Ecuadoreans Won't Back Down in Fighting Chevron-Texaco Over Amazon Oil Disaster

Ofrias, Lindsay
Date Written:  2017-11-01
Publisher:  Upside Down World
Year Published:  2017
Resource Type:  Article
Cx Number:  CX23350

A class-action lawsuit first filed in 1993 against Chevron-Texaco has taken its toll on the lawyers and Ecuadorean people seeking justice for environmental damage. Hope for justice and healing drives people to not give up.



For more than two decades, Soto has been involved in a global campaign to clean up the largest oil disaster to ever occur, in the heart of Ecuador's northern Amazon rainforest, where Soto has lived since he was 15. It is a disaster so devastating that it has been popularly dubbed the "Amazon Chernobyl."
There's been no remediation," Soto asserts.

Through "toxic tours" of the contamination in question that he and other affected people host for those wanting to see it, he shows that "remediation" amounted to little more than covering the pits with soil. In many cases, the pits remain open.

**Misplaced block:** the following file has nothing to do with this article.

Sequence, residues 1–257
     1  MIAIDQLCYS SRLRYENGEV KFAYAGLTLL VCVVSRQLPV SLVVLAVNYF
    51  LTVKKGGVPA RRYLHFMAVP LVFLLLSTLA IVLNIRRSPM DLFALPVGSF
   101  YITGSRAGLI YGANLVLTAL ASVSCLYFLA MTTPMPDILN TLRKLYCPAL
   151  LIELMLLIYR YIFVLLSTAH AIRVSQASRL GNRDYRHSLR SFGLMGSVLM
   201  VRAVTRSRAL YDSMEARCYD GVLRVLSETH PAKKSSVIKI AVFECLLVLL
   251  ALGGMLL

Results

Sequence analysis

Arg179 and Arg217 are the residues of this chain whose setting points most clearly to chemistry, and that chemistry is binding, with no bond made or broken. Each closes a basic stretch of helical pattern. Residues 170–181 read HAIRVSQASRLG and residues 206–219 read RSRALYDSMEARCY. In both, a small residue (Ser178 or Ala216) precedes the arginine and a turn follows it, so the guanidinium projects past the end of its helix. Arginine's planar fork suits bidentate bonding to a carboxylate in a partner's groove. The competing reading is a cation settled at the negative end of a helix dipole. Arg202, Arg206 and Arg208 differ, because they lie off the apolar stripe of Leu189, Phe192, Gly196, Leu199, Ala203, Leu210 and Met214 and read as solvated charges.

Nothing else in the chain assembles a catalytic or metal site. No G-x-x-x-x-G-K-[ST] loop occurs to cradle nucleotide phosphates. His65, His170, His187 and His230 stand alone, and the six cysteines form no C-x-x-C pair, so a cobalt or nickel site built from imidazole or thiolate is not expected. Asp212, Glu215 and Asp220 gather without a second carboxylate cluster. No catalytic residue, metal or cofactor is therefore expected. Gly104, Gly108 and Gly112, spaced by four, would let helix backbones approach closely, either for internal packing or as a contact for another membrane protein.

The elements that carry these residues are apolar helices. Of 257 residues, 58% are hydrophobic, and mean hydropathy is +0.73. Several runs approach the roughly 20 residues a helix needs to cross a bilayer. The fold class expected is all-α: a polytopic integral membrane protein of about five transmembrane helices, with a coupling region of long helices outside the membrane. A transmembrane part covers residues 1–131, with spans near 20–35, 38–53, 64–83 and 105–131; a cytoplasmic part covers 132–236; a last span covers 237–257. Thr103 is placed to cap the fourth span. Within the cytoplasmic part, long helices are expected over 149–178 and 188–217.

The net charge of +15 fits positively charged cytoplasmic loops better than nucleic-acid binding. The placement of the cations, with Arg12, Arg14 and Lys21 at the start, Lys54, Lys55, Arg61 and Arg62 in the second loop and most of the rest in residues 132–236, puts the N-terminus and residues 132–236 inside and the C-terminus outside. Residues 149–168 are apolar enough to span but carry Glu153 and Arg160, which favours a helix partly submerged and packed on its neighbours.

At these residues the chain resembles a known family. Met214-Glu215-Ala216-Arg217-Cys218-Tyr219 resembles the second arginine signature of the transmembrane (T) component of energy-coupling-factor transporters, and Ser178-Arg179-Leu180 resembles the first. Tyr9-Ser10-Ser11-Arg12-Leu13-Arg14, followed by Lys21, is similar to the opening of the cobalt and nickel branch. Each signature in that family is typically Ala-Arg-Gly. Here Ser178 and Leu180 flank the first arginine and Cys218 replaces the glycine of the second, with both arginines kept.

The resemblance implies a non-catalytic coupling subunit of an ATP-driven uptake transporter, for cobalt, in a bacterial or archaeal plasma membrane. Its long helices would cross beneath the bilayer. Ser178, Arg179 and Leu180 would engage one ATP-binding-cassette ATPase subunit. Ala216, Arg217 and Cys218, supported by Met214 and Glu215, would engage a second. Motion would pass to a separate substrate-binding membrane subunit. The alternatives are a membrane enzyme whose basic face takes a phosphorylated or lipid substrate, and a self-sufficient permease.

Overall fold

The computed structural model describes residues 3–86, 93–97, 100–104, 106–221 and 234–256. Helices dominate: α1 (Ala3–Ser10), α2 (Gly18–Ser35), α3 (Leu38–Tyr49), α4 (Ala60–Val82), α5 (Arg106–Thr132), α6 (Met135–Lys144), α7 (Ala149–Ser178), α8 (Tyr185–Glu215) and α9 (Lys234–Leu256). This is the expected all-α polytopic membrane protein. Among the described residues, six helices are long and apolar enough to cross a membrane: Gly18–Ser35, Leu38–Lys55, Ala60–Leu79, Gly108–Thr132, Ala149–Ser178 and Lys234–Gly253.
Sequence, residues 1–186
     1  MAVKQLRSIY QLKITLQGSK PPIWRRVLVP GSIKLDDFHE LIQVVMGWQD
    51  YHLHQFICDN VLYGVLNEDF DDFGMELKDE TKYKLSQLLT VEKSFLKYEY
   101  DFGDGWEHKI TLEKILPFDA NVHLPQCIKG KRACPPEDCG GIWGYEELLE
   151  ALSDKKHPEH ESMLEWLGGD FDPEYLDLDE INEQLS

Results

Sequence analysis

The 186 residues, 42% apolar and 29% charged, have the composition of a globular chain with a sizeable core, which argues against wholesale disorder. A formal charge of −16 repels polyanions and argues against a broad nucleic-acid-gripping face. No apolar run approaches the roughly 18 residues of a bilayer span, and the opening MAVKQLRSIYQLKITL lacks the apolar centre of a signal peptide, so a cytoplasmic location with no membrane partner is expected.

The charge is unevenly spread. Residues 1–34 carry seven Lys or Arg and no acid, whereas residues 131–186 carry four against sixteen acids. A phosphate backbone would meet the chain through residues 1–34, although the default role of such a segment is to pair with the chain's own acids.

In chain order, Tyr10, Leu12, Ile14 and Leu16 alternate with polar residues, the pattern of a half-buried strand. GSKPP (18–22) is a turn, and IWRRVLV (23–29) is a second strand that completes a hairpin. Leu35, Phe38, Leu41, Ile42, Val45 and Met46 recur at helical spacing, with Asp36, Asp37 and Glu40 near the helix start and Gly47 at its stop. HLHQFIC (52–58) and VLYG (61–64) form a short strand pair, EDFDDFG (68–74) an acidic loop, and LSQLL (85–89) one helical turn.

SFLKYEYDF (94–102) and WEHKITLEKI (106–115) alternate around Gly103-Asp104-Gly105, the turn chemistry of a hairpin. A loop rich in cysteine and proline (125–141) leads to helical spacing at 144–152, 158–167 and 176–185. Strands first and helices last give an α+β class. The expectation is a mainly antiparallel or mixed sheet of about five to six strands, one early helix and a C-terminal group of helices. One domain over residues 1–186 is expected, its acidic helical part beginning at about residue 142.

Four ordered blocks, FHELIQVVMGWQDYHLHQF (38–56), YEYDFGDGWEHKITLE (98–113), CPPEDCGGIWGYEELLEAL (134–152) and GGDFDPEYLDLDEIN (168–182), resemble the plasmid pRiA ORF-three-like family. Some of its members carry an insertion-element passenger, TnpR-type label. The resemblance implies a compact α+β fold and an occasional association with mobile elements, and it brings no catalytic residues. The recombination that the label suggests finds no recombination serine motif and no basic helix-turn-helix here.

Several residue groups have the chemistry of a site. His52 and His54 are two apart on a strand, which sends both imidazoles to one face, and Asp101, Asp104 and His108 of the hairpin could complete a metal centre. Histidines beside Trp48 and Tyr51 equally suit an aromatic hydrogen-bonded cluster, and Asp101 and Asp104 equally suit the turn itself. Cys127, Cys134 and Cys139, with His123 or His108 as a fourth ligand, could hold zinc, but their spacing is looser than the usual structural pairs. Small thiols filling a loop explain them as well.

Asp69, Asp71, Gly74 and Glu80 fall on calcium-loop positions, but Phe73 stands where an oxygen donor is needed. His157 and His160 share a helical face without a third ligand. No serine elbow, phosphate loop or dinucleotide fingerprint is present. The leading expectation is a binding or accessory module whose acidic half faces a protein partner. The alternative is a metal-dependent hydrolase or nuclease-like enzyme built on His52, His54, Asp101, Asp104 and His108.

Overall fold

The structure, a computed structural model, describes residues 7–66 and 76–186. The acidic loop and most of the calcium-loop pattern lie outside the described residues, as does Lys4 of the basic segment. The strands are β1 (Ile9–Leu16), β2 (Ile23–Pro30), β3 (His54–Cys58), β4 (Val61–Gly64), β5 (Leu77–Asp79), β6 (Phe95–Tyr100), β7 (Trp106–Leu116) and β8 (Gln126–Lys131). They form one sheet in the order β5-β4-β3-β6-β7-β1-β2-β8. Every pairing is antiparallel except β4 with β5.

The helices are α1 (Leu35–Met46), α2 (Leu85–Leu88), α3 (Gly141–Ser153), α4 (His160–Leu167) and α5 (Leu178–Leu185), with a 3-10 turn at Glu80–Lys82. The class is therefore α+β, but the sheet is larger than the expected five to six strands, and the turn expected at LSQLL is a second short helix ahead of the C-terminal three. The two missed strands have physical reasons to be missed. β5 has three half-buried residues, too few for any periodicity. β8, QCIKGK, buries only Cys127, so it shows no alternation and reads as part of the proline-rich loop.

At well site Sacha 61 (Sacha is one of six oil fields in the area that Chevron-Texaco operated), black, tar-like crude envelopes a 60 foot by 100 foot swath of forest that is too waterlogged to walk across, but stiff enough to bounce rocks off. Soto believes the run-off from pits like that one, affecting the water and food that locals rely on, is the reason why he lost his brother and father to cancer.

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